The book is written in a constant stream-of-consciousness, switching between two characters. And while Bloom’s part of the book is relatively easy to read (but, alas, still difficult to understand), Stephen’s part of the book is so dense as to be unreadable. And don’t even get me started on the last chapter that deals with Molly, Bloom’s wife. Even the head of the English department referred to this book as “Joyce utterly destroying the novel.” If you’re a superfan, like the professor who taught the Joyce class is, I’m sure you’ll understand the book and even want to participate in Bloomsday.

Me, however? I’ve read the book (and the SparkNotes, and the Annotations, etc…) and I will be happy to never look upon this book again. I’m going to mount it on the wall like a hunting trophy. “You see that? I read it. All of it. I did my time.”

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The Goldfinch by Donna Tartt [Read/Ambivalent]

I picked up this book during a sale when I worked at the bookstore, simply because a friend had given me Tartt’s The Secret History as a secret Santa present a few months before, and I had enjoyed that. It took me almost a year to actually read through this book. I started it a few times and put it down because it was so hefty, and I couldn’t get into the story or care about the characters. (Fun fact: I was reading this while teaching a bunch of kids during summer 2016, and one of them saw the book and said, “Are you reading the Bible?!” because it’s such a big book.)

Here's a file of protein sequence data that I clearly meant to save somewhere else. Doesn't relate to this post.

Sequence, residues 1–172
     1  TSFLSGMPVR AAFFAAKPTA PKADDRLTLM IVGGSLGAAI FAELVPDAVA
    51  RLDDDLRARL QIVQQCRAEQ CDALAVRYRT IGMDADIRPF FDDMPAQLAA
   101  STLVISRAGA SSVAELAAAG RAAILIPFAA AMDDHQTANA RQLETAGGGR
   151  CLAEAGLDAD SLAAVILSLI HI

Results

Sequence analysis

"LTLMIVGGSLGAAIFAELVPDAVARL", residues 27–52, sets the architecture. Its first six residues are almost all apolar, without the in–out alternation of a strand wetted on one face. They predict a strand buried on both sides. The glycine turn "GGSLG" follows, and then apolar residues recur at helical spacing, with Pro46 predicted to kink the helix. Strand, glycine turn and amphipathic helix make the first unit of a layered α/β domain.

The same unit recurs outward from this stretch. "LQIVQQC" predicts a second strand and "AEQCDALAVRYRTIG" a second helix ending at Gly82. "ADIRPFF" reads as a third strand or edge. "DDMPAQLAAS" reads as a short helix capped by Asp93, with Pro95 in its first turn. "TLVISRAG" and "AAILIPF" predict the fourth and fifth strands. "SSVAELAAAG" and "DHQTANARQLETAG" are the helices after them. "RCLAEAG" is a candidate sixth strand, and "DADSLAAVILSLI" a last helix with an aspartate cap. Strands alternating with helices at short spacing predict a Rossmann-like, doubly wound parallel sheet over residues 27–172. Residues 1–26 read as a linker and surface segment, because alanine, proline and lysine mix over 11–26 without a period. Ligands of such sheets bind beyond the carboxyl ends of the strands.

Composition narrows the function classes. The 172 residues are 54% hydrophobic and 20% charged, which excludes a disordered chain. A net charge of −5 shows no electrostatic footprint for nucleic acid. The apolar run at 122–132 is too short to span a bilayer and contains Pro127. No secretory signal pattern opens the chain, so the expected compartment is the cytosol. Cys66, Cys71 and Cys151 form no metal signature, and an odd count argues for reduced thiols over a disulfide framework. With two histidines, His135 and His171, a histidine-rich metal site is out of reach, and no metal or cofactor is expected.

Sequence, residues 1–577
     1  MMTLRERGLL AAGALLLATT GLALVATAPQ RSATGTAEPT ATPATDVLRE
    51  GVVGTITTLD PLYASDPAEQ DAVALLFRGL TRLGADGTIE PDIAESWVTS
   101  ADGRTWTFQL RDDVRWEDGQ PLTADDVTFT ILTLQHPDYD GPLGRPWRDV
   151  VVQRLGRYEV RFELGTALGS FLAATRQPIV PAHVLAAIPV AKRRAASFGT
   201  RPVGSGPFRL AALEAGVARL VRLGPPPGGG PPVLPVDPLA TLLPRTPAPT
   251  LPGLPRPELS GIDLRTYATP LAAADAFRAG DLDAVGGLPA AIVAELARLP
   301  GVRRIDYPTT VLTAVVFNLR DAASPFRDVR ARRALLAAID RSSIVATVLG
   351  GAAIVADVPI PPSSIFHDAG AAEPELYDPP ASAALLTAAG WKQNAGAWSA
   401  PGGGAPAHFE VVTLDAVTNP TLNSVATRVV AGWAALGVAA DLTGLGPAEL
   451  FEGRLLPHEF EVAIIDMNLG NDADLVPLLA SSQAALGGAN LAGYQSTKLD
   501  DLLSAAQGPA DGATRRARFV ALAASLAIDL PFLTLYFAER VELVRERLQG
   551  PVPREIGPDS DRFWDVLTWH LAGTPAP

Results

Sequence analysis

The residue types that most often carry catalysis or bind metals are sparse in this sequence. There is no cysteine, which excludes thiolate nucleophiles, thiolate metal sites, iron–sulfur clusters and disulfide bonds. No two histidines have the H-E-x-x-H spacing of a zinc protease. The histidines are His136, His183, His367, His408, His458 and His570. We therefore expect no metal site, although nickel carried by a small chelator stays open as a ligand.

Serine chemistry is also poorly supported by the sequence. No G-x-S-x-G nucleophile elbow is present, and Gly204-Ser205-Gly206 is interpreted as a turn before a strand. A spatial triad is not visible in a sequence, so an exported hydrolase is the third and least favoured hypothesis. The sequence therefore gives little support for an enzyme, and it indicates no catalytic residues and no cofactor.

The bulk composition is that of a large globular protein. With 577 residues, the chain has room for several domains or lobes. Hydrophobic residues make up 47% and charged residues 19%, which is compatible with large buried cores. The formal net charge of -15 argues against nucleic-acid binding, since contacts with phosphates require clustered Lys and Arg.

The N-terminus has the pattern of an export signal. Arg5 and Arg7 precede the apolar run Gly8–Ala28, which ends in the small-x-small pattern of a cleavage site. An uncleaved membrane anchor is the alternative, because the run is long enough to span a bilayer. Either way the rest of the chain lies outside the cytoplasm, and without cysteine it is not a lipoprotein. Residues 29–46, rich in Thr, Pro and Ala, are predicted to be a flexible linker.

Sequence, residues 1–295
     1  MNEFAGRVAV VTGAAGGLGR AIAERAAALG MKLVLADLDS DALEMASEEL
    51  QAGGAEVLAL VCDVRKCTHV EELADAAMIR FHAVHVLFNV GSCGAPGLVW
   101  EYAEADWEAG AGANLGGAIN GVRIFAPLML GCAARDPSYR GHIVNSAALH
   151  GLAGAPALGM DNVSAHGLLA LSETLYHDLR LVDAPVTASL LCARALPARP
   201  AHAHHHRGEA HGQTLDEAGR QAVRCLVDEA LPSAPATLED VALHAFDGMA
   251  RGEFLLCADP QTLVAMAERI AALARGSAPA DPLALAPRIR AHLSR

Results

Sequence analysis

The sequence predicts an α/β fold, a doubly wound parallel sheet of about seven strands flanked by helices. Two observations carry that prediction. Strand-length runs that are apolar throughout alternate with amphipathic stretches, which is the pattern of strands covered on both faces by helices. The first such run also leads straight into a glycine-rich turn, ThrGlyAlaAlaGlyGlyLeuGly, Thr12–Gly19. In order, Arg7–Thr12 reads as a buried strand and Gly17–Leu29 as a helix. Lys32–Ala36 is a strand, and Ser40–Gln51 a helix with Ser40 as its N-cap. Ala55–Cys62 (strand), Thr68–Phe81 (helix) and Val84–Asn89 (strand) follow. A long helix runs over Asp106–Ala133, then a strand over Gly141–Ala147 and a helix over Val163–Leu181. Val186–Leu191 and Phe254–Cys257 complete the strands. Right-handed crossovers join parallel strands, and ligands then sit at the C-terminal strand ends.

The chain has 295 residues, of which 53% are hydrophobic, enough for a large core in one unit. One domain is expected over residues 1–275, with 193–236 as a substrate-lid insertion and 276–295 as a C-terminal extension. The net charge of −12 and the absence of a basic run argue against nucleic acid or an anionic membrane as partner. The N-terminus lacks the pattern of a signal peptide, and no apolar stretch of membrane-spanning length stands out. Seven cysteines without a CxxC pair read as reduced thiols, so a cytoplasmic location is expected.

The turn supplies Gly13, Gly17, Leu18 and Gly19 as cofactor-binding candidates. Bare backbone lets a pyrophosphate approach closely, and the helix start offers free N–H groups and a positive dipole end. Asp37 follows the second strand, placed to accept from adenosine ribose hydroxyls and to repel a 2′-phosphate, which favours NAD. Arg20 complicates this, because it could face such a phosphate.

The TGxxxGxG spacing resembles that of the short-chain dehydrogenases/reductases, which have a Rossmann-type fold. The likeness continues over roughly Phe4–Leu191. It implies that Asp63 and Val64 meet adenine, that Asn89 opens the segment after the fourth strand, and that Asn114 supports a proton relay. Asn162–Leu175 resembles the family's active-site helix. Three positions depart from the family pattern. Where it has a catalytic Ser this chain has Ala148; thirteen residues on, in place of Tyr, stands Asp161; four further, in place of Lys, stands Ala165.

I will say I’m not alone in the struggle to read this book. There’s a whole article in The Guardian about how 55% of people didn’t even finish The Goldfinch, according to eReader stats.  Is this because it’s bad writing, even though it won the Pulitzer Prize? There’s no telling. I will say I struggled through the book. While there were parts that were interesting, there were also parts that seemed to have nothing to do with the rest of the novel. There were parts I could have done without, and there were parts that I wanted more explanation about, but I feel like that’s the same with any book.

It does tell a good story, so if you’re interested in that, I’d say go ahead. Otherwise, I would say it’s safe for you to skip this. It’s also really, really heavy, and you could probably crush an actual goldfinch with this novel if you threw it at them.

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Six of Crows by Leigh Bardugo [Reading/Liking]

I’m currently finally working my way through this novel (I haven’t been able to finish it as fast as I want to because of required reading for school). I will say I didn’t pick it up for the longest time because it intimidated me. You couldn’t scroll through the WordPress Reader without seeing at least three people reviewing this book. It seemed to be the book of the year last year (at least to me, because that’s when I joined the book blogosphere), and that honestly intimidated me. What if I picked it up and, despite the wonderful praising reviews, absolutely hated it?